The other day, someone suggested that adding a transcription to a video served much the same purpose as doing captions, for a lot less work, so I thought I'd give it a try.
I typed up a simple transcription of the video I made of the Big 'Ole Lens Test Party. I put in no timing information, but I did put in the names of the people who spoke in parenthesis in front of each piece of dialog, because I thought that would make it more understandable to any reader. The file looked something like this:
[Chris Loughran] Ben and I were having dinner at the Border Cafe in Cambridge, and started talking about lenses, and Ben doesn’t really think there’s a big difference between a hundred dollar lens and a 20,000 lens, so we're here today to prove him wrong.Uploading the transcription is simple;
[Ben Eckstein] I'm not sure that that's exactly what I said, but ah, yeah, my thesis statement going into this is that we will see very marginal image quality differences.
- Go to your list of videos in YouTube
- Click the Edit info button
- Click the Captions and Subtitles link at the top of the screen
- Click the Add New Captions or Transcript button
At this point, Youtube will say that it is processing the file, and this can take several minutes. I didn't time it, but I think it was processing for about ten minutes for this 11 minute video.
When it was finished, I was surprised to discover that YouTube had taken the transcription and attempted to match it to the video as though it were a caption file.
It wasn't perfect by any means. I'd created my transcription file in Microsoft Word, and it contained ellipses […] and special apostrophe characters [ ’ instead of ' ]. These came up as garbage characters - YouTube only likes plain text - so I replaced all the special characters in the original file, deleted the transcription, and uploaded a second time.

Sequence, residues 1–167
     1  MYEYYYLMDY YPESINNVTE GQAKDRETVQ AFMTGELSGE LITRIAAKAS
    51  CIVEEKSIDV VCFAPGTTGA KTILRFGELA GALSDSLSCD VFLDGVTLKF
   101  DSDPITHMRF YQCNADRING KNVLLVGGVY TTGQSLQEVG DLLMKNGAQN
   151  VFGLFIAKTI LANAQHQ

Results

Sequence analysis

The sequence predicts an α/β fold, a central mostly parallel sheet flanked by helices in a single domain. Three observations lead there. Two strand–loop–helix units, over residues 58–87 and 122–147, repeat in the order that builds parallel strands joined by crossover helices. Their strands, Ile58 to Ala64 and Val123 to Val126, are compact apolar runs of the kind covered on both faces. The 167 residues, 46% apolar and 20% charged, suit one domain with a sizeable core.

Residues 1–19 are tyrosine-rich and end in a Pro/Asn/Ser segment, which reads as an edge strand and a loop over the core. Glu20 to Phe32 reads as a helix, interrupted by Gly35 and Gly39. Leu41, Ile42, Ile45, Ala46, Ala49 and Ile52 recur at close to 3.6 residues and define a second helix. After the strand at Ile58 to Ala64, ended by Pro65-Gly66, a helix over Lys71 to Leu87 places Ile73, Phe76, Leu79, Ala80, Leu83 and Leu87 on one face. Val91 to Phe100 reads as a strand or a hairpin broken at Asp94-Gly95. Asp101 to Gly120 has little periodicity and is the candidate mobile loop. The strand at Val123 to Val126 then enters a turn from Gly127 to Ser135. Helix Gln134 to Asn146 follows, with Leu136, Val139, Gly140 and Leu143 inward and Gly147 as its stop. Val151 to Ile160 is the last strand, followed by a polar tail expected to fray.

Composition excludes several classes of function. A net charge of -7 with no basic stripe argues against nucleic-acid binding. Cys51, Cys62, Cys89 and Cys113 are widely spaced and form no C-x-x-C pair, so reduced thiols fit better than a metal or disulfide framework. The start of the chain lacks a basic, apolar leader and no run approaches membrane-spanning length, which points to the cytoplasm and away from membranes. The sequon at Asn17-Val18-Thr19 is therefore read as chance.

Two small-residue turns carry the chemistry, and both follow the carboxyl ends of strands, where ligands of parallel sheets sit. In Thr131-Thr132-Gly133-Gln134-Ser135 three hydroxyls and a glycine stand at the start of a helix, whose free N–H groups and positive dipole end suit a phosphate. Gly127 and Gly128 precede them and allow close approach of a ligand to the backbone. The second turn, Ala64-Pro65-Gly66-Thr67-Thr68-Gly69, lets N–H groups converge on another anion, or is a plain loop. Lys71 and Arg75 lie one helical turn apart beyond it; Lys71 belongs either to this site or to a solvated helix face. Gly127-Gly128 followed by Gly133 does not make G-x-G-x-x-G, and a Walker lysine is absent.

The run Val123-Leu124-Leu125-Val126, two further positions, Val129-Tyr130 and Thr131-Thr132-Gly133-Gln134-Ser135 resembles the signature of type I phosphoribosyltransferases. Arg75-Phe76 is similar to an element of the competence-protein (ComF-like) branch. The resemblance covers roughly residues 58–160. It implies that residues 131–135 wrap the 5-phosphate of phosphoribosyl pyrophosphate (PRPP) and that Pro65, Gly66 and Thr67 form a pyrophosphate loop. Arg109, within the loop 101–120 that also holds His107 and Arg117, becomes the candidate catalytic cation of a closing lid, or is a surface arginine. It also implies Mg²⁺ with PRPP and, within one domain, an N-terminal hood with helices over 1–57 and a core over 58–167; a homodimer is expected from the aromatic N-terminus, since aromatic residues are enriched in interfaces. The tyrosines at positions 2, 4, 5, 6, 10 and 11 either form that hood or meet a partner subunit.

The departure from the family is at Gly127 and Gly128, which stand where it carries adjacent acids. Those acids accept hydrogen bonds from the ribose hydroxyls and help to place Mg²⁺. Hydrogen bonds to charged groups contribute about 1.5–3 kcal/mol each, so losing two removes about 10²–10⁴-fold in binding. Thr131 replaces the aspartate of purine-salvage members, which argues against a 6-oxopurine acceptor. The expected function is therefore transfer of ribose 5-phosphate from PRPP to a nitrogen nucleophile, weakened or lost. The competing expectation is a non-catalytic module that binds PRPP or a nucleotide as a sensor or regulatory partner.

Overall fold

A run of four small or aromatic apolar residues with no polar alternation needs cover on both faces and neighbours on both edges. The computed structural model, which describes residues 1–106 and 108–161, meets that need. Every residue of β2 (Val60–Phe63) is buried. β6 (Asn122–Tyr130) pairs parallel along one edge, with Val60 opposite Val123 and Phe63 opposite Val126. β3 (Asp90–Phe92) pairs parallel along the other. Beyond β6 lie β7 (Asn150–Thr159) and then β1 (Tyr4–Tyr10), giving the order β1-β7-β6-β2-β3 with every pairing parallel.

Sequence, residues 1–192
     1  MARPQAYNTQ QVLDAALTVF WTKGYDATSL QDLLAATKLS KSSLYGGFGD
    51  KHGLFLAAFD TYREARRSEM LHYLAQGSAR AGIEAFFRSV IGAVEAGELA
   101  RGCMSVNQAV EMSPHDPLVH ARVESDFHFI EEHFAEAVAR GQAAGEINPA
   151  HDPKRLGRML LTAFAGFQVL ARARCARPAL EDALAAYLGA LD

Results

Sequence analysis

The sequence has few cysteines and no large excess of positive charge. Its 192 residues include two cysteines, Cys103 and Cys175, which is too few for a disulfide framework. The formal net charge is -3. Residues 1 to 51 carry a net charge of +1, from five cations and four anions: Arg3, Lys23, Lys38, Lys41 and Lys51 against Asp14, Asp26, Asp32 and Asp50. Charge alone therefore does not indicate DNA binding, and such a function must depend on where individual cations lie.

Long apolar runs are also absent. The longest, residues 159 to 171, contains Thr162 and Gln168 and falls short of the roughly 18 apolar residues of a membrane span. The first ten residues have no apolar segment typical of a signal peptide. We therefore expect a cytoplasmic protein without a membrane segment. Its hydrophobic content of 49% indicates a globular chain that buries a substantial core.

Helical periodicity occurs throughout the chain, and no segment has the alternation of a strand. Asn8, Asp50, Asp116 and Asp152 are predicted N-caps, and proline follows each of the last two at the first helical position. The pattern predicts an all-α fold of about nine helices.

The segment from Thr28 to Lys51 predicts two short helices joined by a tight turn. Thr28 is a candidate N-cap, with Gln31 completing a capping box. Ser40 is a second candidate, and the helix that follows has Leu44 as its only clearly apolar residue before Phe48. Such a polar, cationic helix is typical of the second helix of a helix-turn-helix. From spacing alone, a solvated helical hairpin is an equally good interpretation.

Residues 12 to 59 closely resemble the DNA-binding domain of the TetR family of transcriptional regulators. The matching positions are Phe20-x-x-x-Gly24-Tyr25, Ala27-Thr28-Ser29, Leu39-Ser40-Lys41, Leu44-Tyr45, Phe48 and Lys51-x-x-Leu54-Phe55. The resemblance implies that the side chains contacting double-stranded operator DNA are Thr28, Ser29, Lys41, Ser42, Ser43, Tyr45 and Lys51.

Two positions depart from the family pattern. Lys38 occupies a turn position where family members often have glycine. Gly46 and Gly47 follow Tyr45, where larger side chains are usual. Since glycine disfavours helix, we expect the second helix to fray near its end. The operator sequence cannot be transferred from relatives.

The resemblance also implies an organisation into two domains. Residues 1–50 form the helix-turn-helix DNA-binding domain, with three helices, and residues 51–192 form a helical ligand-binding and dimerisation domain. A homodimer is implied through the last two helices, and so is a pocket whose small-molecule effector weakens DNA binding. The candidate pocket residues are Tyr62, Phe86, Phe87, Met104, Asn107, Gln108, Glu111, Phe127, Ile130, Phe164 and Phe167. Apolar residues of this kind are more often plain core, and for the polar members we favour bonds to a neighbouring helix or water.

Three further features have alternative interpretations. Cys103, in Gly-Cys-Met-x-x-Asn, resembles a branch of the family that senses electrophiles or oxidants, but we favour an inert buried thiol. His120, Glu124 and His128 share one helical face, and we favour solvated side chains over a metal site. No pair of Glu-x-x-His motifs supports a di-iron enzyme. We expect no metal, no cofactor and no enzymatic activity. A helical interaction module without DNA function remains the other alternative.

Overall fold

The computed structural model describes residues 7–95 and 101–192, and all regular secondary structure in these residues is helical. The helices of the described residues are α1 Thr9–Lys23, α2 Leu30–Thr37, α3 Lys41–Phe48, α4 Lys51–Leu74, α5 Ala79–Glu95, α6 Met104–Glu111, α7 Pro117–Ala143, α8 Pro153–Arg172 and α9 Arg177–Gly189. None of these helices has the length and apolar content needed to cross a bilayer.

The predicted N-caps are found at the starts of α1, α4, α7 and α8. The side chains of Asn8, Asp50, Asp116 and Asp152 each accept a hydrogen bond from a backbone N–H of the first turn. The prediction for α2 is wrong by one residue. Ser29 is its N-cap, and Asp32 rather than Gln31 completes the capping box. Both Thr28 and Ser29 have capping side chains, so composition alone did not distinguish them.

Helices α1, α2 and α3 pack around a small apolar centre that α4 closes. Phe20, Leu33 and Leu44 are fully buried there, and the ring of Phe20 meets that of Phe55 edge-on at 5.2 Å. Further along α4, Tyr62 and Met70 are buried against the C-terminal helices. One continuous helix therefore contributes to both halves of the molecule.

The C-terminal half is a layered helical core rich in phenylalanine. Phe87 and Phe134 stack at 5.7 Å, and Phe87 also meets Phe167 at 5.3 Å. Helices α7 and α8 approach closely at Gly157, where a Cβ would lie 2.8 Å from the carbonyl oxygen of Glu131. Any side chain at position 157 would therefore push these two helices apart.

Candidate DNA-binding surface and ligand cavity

All things considered, YouTube does a pretty good job of distributing the transcription text to the video. And it's not just breaking it up evenly along the length of the movie; clearly it's doing some sort of audio analysis, as it got about 75% of the text almost perfectly matched up. There were, however, three or four sections where it got seriously messed up displaying section of text at the wrong time. Also, the beginning of the clip has music for several seconds and the very first line of text is displayed long before someone starts speaking!
If you want to fix the timing, you can download the transcription from YouTube as an SBV file. You'll find that the transcription now has timecode added. So you can use this as a step in the process of creating a good captions file.
[Chris Loughran] Ben and I were having dinner
at the Border Cafe in Cambridge, and started
talking about lenses, and Ben doesn't really
think there's a big difference between a
hundred dollar lens and a 20,000 lens, so
we're here today to prove him wrong.
If I had the enthusiasm - and the energy - I might edit the timecode and upload the file again, but editing the timecode would still be a lot of additional work, particularly as from this point on, you're doing it all manually.
Even so, I'm really impressed by what YouTube has done, but it only makes me want more. It's a pity that YouTube hasn't provided some kind of online editor that lets you play the video and adjust the timing of the captions as you move through the video and caption file. Perhaps they will have something like that in the future.
Note: if you don't see captions, click the CC button in the control bar.
NotesOnVideo: Adding Captions in YouTube
YouTube Help: Adding and Editing captions / subtitles
WebDev-il: SBV file format for Youtube Subtitles and Captions